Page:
When watching the prequels, if you do not nitpick too much at what you have seen, you will find them all a very cinematic, enjoyable experience and worth the price of admission. Of course, Star Wars fans will nit-pick. And they would be justified in doing so because the prequels do not hold up well under scrutiny.

George Lucas said in the "Episode I" DVD documentary that the two trilogies rhyme; in essence, similar things happen in both trilogies but the stories ultimately end up taking different paths based on different outcomes at crucial moments. If this rhyming notion is accurate, why is Anakin nine years old in "Episode I" while Luke is eighteen or so in "Episode IV"? Why was Darth Maul not a central figure in "Episode I" like Darth Vader in "Episode IV"? Where was the Jar Jar Binks style character in "Episode IV"? You could go on and on. He may have been trying to get the trilogies to be synchronous, but it did not happen.

Then there is just the general laziness in the story telling, most likely due to the fact that there was not enough story to sustain three films. Anakin's turn to the dark side is completely arbitrary. In "Episode III", he goes from being conflicted about Palpatine and wanting to serve the Jedi to becoming Darth Vader in a matter of minutes. In "Episode II", we only see Anakin's mother for one scene, yet her death is the beginning of Anakin's journey to the dark side. I would have thought that spending a lot more time developing the most crucial scenes in the trilogy would been the way to go instead of endless scenes of CGI (the wookie battle or the pod-race comes to mind). Although I did not hate Jar Jar, he does not really have a place in the story structure of the six films aside from selling toys (okay, George made him relevant in "Episode II" but I think that was more thanks to fan reaction than anything else).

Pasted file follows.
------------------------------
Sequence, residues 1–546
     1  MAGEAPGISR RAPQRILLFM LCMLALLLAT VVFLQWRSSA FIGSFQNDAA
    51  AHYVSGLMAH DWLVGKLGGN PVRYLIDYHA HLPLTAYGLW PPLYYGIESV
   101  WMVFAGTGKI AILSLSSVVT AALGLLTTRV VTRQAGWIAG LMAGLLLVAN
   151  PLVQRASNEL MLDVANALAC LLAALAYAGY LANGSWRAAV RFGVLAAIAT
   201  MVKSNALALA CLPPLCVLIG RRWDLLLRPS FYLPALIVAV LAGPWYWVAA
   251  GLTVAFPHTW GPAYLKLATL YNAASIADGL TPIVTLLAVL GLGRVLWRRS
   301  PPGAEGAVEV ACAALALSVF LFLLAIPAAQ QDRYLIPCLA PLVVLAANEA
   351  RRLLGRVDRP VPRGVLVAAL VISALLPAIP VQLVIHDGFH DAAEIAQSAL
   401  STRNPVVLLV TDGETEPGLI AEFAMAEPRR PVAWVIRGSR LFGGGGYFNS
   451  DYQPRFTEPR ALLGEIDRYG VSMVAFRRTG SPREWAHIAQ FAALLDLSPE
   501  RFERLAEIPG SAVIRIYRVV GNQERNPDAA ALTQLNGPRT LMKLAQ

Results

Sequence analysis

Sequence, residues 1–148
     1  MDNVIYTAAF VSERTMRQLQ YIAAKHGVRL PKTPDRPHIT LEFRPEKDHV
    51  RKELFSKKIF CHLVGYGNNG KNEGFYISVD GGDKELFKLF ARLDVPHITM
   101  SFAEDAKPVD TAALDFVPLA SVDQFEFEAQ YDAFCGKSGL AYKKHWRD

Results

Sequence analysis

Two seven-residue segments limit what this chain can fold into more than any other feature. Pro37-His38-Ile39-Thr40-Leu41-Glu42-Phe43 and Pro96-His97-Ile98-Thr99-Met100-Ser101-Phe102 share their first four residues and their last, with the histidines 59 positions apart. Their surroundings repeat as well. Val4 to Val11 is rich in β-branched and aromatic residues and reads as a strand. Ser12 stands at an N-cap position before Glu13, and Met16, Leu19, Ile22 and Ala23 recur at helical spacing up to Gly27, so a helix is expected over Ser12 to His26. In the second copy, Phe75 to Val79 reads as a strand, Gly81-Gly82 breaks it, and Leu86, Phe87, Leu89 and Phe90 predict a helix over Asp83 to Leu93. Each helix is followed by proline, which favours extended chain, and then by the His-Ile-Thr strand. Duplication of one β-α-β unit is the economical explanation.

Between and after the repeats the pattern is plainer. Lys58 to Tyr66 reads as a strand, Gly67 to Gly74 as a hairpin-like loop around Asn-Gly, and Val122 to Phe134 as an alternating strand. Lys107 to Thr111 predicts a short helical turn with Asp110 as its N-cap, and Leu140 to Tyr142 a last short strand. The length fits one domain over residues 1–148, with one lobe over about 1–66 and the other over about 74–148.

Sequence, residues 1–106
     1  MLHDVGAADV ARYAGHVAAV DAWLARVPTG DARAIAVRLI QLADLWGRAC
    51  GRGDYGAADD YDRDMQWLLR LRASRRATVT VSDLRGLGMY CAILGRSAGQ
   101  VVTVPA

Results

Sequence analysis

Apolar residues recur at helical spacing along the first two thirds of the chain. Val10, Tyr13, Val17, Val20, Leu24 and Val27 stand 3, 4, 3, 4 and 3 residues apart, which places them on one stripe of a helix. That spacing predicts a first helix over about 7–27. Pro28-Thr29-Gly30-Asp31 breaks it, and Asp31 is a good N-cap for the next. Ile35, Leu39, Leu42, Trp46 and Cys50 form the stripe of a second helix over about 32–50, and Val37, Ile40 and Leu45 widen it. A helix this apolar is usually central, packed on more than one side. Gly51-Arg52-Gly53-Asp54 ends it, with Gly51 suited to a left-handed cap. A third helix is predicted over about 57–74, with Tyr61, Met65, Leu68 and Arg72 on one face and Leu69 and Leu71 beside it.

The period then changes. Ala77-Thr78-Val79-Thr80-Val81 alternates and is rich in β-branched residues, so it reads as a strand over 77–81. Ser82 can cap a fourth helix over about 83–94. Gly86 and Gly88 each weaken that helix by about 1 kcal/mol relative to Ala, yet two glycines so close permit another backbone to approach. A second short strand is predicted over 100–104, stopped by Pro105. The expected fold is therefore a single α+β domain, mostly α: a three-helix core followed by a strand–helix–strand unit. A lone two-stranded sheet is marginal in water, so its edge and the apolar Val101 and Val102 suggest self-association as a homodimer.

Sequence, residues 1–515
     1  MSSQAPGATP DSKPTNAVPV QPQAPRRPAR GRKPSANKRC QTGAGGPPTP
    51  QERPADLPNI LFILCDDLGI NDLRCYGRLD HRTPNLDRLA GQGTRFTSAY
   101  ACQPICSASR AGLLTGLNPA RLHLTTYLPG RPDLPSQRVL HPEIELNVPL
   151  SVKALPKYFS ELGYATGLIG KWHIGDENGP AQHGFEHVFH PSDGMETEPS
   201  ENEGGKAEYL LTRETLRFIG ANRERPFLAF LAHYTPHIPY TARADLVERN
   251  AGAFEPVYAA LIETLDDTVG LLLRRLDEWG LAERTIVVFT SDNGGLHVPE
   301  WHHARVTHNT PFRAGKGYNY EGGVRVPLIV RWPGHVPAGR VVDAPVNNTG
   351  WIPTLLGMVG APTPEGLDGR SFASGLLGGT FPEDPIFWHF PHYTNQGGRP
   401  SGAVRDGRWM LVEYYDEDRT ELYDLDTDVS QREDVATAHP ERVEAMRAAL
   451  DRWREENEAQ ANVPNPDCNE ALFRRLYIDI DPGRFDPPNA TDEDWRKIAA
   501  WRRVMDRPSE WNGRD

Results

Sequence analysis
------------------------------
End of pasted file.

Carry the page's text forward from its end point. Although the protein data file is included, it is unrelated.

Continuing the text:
The most important developments in the trilogy are glazed over yet that is what we came to see. Ewan McGregor once said the prequels were about the 'background' and it is true; the images are truly astounding. It is a shame the same level of detail was not applied to the screenplays.

In many ways, the prequel trilogy is the embodiment of the modern blockbuster; entertaining for a few hours, and maybe even on a few repeat viewings, but then ultimately disposable. That may be a little harsh because they are better than the majority of blockbusters that have come out of Hollywood in recent years, but they are also Star Wars films and probably deserved better treatment. They will never achieve the high water mark of the original trilogy, nor should they. They are different films for a different generation. For the fans I would say, enjoy them for what they are and do not compare. It is really the only way to watch the prequels.

Ben Warner is an independent filmmaker, having made made three feature films and six short films through Digicosm ( He runs and contributes to the DVD review web site, All About ( and runs the independent film distribution channel, The Trial Of (